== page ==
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Creating Subnetworks From Transcriptomic Data on Central Nervous System Diseases Informed by a Massive Transcriptomic Network.
Yaping Feng1, Judith A. Syrkin-Nikolau2 and Eve S. Wurtele1,*
1Department of Genetics, Iowa State University, Ames, IA 50011, USA
2Macalester College, MN 55105, USA
*Corresponding author
  Received : January 04, 2013
  Accepted : January 14, 2013
  Published : January 21, 2013
This is an Open Access article distributed under the terms of the Creative Commons Attribution Non-Commercial License (http://creativecommons.org/licenses/by-nc/3.0/) which permits unrestricted non-commercial use, distribution, and reproduction in any medium, provided the original work is properly cited.
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Synopsis

High quality publicly-available transcriptomic data representing relationships in gene expression across a diverse set of biological conditions is used as a context network to explore transcriptomics of the CNS. The context network, 18367Hu-matrix, contains pairwise Pearson correlations for 22,215 human genes across18,637 human tissue samples1. To do this, we compute a network derived from biological samples from CNS cells and tissues, calculate clusters of co-expressed genes from this network, and compare the significance of these to clusters derived from the larger 18367Hu-matrix network. Sorting and visualization uses the publicly available software, MetaOmGraph (http://www.metnetdb.org/MetNet_MetaOmGraph.htm). This identifies genes that characterize particular disease conditions. Specifically, differences in gene expression within and between two designations of glial cancer, astrocytoma and glioblastoma, are evaluated in the context of the broader network. Such gene groups, which we term outlier-networks, tease out abnormally expressed genes and the samples in which this expression occurs. This approach distinguishes 48 subnetworks of outlier genes associated with astrocytoma and glioblastoma. As a case study, we investigate the relationships among the genes of a small astrocytoma-only subnetwork. This astrocytoma-only subnetwork consists of SVEP1, IGF1, CHRNA3, and SPAG6. All of these genes are highly coexpressed in a single sample of anaplastic astrocytoma tumor (grade III) and a sample of juvenile pilocytic astrocytoma. Three of these genes are also associated with nicotine. This data lead us to formulate a testable hypothesis that this astrocytoma outlier-network provides a link between some gliomas/astrocytomas and nicotine.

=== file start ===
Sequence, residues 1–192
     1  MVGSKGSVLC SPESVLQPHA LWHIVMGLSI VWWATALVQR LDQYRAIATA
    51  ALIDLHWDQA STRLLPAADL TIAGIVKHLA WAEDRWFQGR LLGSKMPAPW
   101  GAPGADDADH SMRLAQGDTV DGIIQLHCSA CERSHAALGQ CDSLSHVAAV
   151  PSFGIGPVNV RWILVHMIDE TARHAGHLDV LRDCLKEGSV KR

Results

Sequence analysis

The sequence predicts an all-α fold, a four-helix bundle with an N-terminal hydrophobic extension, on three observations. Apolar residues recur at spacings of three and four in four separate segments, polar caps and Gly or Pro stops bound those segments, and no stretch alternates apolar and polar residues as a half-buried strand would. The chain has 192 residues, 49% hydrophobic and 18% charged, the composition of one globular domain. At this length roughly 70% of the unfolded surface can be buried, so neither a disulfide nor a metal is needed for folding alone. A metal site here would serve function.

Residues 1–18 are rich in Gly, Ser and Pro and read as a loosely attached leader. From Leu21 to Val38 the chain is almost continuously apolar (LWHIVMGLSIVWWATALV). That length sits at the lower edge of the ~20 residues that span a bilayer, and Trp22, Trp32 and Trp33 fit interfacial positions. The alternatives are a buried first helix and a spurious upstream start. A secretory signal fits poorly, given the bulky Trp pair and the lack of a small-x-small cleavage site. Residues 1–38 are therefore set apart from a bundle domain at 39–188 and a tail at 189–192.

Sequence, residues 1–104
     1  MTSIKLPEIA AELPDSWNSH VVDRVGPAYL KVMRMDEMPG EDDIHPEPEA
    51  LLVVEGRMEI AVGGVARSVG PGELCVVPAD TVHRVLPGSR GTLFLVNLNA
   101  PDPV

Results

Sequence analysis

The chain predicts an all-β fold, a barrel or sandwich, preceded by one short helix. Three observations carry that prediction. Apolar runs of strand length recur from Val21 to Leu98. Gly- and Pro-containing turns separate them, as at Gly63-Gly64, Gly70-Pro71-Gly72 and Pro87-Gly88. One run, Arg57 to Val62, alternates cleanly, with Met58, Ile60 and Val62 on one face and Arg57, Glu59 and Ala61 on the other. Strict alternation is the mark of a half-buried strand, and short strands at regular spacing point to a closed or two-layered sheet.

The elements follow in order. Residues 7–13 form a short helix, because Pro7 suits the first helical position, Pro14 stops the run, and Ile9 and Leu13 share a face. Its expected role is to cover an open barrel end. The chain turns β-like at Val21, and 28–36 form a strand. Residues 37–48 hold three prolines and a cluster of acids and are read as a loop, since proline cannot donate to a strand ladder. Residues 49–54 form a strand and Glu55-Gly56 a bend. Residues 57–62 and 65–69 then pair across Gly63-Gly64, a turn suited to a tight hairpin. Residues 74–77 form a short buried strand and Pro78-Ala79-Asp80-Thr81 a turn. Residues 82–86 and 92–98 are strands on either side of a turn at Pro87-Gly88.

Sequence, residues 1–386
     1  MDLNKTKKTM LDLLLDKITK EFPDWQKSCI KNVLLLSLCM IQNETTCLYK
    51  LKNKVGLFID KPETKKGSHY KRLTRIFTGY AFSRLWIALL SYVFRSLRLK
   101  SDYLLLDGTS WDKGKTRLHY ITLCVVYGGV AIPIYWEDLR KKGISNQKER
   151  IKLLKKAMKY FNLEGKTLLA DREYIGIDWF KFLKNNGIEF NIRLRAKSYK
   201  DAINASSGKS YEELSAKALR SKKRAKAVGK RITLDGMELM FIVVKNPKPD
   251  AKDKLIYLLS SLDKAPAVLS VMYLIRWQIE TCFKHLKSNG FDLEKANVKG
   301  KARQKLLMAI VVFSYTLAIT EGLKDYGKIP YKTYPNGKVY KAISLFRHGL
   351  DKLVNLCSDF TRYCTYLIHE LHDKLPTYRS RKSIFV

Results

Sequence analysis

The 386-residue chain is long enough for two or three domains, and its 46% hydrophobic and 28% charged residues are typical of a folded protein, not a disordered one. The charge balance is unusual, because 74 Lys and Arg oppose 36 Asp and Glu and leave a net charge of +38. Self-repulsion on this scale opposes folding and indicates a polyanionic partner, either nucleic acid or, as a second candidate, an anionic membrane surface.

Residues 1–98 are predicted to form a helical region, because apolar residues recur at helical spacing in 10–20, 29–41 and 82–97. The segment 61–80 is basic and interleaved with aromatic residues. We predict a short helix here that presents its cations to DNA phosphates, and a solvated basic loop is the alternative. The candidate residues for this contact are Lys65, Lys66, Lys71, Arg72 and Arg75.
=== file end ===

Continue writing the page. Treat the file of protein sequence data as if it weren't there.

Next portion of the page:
Keyword: bioinformatics, transcriptomic, glioblastoma, astrocytoma, brain cancer
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